AUGUST 3, 1995
ROCKY MOUNT - Fountain Correctional Center for Women has become the state's first female prison to put inmates to work in the Community Work Program which started in January.
By 7:30 each morning, more than two dozen inmates are taken by two correctional officers to Rocky Mount Senior High and Northern Nash High schools. This is where they'll spend the rest of the day doing yard work and painting under intense heat. Across the state, inmates have worked on more than 700 projects similar to the one at Rocky Mount.
"Governor Hunt wants to see every able-bodied inmate working and this department plans to make that happen," said Correction Secretary Franklin Freeman. "It's a win-win situation because working inmates help themselves as well as taxpayers."
Upon arriving at Rocky Mount Senior High, the first group of inmates quickly unload all their maintenance equipment and get to work, hoping to get a lot done before the sun becomes unbearable. By mid-morning, the mercury in the thermometer on this July day has pushed beyond the 90-degree mark. In spite of the sticky, humid weather, inmates continue their fast-paced work schedule.
Three inmates are pushing noisy lawn mowers back and forth across the front yard of the campus, four are raking and piling the stacks of weeds and grass into trash bags. Two others are trimming around trees and corners with weed-eaters. Inmates' faces are covered with beads of sweat and their shirts are drenched with perspiration.
All the inmates are trained in how to safely operate the maintenance equipment.
"This work is a good experience," said Susan Taylor, an inmate. "I'm learning the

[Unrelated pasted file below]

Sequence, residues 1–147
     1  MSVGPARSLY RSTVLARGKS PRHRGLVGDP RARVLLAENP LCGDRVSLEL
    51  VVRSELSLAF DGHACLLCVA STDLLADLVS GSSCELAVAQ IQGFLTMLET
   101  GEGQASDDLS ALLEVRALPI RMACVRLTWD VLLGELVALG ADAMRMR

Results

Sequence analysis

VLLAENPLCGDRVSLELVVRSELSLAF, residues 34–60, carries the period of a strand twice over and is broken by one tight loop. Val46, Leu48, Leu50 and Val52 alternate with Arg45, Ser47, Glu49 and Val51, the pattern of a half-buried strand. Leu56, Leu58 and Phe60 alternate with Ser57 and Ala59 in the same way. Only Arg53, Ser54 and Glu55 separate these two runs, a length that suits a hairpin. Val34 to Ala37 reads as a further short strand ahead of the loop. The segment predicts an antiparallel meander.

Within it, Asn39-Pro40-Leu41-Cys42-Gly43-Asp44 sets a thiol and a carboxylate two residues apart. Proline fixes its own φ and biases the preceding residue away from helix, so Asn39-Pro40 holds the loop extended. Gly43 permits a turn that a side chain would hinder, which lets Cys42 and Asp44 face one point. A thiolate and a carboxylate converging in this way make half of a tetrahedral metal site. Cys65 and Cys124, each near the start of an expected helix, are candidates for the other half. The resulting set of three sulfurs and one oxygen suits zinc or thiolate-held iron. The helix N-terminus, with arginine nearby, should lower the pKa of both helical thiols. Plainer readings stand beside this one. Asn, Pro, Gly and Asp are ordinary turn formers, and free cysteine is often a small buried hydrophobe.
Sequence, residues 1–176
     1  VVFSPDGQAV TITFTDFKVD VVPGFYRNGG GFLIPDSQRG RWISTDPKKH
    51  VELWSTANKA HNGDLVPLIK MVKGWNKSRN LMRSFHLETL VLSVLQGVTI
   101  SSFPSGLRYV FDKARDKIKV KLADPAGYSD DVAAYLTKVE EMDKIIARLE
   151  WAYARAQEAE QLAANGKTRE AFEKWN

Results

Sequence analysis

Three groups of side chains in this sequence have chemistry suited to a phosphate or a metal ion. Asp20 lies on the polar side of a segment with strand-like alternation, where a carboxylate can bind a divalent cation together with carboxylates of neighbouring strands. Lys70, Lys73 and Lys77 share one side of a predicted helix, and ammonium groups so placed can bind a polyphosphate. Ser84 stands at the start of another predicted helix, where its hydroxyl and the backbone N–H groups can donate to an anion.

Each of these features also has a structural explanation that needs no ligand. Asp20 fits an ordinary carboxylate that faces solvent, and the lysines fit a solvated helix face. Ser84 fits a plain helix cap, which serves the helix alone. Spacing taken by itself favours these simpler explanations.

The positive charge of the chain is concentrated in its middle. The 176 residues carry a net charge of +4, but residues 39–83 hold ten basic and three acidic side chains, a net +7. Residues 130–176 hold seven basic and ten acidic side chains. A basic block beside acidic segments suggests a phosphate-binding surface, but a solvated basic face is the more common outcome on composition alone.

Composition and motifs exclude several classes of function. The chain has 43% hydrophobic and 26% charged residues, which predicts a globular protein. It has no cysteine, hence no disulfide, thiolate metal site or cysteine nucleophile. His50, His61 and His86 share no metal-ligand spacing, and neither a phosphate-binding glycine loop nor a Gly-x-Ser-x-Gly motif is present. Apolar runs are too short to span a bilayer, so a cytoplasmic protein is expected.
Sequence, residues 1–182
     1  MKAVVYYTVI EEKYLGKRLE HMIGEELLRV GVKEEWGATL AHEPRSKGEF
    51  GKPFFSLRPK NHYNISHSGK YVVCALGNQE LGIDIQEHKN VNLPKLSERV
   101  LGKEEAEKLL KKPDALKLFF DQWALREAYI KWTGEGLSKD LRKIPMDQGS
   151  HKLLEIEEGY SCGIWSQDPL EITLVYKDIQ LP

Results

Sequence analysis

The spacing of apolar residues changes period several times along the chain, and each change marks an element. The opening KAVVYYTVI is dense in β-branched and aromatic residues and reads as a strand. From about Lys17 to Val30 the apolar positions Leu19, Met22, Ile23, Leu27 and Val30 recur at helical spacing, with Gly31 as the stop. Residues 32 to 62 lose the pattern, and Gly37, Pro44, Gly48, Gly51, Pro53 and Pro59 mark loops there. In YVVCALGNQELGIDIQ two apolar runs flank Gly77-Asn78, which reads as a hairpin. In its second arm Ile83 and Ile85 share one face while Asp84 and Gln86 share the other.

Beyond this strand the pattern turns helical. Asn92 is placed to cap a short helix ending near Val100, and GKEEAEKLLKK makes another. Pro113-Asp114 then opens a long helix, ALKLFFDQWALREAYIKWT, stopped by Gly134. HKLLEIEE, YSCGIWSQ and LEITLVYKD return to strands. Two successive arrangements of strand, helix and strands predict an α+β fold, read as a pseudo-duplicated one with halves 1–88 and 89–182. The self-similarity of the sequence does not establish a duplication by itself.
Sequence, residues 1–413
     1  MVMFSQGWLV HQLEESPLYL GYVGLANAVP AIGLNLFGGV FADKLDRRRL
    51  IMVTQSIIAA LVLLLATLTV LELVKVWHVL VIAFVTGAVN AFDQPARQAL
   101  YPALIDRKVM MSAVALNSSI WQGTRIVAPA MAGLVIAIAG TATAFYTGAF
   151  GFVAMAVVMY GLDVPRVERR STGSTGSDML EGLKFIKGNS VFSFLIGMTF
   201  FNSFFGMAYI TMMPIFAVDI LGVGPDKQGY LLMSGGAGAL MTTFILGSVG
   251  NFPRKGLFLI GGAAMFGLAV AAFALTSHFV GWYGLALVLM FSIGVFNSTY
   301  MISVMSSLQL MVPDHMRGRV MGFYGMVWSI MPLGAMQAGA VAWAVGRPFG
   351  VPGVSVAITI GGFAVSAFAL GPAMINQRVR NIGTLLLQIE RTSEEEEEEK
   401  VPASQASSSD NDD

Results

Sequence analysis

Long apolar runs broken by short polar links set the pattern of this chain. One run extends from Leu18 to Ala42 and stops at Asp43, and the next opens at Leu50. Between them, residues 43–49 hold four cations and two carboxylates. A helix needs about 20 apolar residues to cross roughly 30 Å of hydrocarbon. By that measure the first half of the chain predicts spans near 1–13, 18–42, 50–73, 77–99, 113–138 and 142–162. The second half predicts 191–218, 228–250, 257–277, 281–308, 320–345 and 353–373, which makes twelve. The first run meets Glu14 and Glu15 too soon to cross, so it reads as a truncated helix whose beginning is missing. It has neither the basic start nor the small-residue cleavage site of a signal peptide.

importance of patience and working together. This campus looks a lot better than it did when we first got here." Taylor likes yard work and said she hopes to get a job in the landscaping business once she gets out of prison.
"I'm learning how to do something useful rather than a crime," said Aprilyn Ellerby, an inmate from Wilmington who has been at Fountain for five months.
A few miles down the road at Northern Nash High School, other inmates are busy painting hallways throughout the school. They also have been trained on proper painting techniques.
"This wall was in bad shape and had a lot of peeling," explains inmate Marie Downey from Winston-Salem. "I had to scrape it a lot before putting on a fresh coat of paint." Another inmate, Monique Cheek said, "It's not easy and you figure that this hard work is worth more than the dollar a day we're paid. But I keep working because I know that in the long run, I will benefit from the work. I want to do a good job and keep the Community Work Program going. It's a good opportunity for me."
"These female inmates are doing an excellent job in what was previously a male-dominated profession," said Fountain Correctional Center superintendent Bonnie Boyette. "They're learning important skills they can use when they're released from prison."